Bundled gems are installed into ./vendor.
Post-install message from rdoc:
Depending on your version of ruby, you may need to install ruby rdoc/ri data:

<= 1.8.6 : unsupported
 = 1.8.7 : gem install rdoc-data; rdoc-data --install
 = 1.9.1 : gem install rdoc-data; rdoc-data --install
>= 1.9.2 : nothing to do! Yay!

All of the files were installed to vendor/. There are also files created in .bundle/ and a Gemfile.lock file that tracks the bundler installed gem version-. You’ll most likely want to add those two directories to your .gitignore or you’ll see this all the time:

[rnelson0@build02 puppet-retrospec:master±]$ git status
# On branch master
# Untracked files:
#   (use "git add <file>..." to include in what will be committed)
#
#       vendor/ruby/
nothing added to commit but untracked files present (use "git add" to track)

Now that the gems are installed, you can see and make use of them with bundle exec <command>. Let’s compare the system gems to the bundler gems:

[rnelson0@build02 puppet-retrospec:master±]$ gem list | wc
     78     159    1492
[rnelson0@build02 puppet-retrospec:master±]$ bundle exec gem list | wc
     41      82     712

Finally, let’s take a quick look at how bundler knows what to install. I mentioned a Gemfile.lock tracking file earlier, and it’s based on Gemfile. Here’s what the retrospec project’s looks like:

[rnelson0@build02 puppet-retrospec:master±]$ cat Gemfile
source "http://rubygems.org"

gem 'trollop'
gem 'retrospec', "~> 0.4"
gem 'awesome_print'
# Include everything needed to run rake, tests, features, etc.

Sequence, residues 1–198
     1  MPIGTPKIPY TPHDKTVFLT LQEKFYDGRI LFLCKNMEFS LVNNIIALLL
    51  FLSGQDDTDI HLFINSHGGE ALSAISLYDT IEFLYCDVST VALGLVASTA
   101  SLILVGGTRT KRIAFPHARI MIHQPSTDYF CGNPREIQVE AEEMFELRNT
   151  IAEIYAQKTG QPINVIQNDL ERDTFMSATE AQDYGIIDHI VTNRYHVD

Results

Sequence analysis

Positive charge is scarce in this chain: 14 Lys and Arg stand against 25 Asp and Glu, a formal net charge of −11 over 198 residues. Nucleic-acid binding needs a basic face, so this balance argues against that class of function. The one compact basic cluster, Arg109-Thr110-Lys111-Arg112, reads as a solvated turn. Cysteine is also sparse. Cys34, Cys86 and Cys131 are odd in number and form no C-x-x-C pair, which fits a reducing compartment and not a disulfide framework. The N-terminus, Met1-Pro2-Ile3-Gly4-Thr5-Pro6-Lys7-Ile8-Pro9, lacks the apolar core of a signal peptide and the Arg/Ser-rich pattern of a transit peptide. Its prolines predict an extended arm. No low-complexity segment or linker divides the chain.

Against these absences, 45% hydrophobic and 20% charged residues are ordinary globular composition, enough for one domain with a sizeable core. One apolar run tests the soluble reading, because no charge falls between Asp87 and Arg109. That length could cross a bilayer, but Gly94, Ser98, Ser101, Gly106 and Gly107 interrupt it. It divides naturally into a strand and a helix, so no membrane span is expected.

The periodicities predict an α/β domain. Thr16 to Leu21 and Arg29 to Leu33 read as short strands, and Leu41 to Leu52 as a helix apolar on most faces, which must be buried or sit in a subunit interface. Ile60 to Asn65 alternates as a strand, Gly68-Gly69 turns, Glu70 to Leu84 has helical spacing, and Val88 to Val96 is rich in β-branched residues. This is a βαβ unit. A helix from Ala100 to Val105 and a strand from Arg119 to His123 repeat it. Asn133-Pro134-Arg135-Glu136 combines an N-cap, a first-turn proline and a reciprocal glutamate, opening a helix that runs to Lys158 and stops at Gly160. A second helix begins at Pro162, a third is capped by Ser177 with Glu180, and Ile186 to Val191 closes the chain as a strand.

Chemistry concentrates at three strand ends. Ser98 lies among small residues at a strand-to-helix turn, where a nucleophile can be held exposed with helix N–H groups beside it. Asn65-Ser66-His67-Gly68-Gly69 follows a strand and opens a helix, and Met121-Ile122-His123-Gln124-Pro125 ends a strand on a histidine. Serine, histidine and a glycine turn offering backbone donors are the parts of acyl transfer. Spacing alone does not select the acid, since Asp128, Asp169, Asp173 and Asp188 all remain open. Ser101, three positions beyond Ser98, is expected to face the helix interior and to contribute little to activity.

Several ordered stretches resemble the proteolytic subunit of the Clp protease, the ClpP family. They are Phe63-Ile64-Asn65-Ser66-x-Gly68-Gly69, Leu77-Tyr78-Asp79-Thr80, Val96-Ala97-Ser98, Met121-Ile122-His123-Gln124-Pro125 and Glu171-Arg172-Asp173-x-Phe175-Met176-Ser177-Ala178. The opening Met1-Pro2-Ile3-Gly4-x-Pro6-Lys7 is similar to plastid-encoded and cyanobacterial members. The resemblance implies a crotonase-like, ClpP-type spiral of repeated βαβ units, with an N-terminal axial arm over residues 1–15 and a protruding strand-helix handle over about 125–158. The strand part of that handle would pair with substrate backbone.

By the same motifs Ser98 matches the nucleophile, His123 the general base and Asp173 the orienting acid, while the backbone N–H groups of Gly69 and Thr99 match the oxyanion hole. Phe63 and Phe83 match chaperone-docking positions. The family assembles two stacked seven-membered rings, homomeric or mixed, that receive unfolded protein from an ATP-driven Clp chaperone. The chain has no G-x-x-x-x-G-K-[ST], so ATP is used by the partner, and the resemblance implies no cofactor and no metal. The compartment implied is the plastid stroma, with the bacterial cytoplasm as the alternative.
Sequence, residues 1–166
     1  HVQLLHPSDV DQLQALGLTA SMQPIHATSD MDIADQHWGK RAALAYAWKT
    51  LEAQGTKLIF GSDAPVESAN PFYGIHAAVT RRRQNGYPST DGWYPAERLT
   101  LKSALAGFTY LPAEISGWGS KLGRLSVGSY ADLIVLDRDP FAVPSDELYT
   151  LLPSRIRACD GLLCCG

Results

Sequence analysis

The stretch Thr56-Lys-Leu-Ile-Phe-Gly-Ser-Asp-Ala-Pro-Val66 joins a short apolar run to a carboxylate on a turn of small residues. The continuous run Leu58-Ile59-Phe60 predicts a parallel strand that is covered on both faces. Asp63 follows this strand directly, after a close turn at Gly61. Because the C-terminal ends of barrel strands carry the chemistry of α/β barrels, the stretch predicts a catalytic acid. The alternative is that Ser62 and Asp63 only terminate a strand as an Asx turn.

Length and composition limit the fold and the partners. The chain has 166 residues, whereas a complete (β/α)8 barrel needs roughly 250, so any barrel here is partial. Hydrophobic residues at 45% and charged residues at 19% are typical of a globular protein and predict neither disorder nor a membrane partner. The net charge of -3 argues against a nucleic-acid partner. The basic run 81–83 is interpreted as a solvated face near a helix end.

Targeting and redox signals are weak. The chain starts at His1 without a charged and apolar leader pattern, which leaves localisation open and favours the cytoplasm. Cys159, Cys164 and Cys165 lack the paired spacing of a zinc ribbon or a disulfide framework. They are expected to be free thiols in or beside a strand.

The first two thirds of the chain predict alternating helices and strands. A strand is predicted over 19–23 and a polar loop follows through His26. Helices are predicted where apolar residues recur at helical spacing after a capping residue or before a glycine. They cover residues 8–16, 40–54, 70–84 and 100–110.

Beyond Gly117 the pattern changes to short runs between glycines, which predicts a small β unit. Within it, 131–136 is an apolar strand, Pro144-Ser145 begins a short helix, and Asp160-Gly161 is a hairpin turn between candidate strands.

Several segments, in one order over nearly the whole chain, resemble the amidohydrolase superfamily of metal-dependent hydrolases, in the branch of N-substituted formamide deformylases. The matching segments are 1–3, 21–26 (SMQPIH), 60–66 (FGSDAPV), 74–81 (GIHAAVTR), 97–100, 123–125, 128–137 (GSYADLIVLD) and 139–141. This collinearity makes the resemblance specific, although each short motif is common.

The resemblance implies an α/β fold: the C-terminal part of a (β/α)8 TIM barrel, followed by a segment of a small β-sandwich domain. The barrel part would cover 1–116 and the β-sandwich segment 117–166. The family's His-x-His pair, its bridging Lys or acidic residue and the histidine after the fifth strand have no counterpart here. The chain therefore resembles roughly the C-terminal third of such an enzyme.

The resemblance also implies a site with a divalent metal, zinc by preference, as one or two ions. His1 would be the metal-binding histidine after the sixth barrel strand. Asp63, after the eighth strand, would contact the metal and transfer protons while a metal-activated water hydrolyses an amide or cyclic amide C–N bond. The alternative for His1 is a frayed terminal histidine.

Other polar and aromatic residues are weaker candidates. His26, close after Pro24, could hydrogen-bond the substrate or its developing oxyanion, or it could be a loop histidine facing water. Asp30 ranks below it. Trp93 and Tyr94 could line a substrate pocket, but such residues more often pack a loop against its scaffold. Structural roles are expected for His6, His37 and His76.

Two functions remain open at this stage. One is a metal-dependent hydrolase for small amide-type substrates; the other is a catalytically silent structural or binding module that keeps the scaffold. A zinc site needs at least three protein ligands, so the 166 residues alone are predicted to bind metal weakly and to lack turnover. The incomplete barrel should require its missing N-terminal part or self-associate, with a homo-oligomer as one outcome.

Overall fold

group :development do
  gem "rspec", "~> 3.2"
  gem 'puppet', '3.7.3',  :path => 'vendor/gems/puppet-3.7.3'
  gem "yard", "~> 0.7"
  gem "rdoc", "~> 3.12"
  gem "bundler", "~> 1.0"
  gem "jeweler"
  gem 'pry'
  gem "fakefs", :require => "fakefs/safe"
end

Gems by themselves (trollop) will install the latest version. Gems with a version will install a version matching the pattern. ‘1.0’, ‘>=1.3’ probably look familiar, but what does that ‘~> 0.4’ do? It means “Greater than 0.4 but less than 1.0.” If it specifies major.minor.revision, like ‘~> 1.3.2’, it means “Greater than 1.3.2 but less than 1.4.” The path option means to use a gem expanded in the specified location on disk. The require I still don’t understand. From the docs, “If a gem’s main file is different than the gem name, specify how to require it. Specify :require => false to prevent bundler from requiring the gem, but still install it and maintain dependencies.” I guess I’ll find out when I need to know.

I hope this brief intro is helpful to others new to bundler!

4 thoughts on “Getting started with Bundler

  1. Pingback: Adding a gem to your project with bundler | rnelson0
  2. Pingback: Update your Puppet modules on the Forge quickly with Blacksmith | rnelson0
  3. Pingback: Getting a fresh start in a Git repository | rnelson0
  4. Pingback: Modern rspec-puppet practices | rnelson0

Leave a Reply

Fill in your details below or click an icon to log in:

WordPress.com Logo

You are commenting using your WordPress.com account. Log Out / Change )

Twitter picture

You are commenting using your Twitter account. Log Out / Change )

Facebook photo

You are commenting using your Facebook account. Log Out / Change )

Google+ photo

You are commenting using your Google+ account. Log Out / Change )

Connecting to %s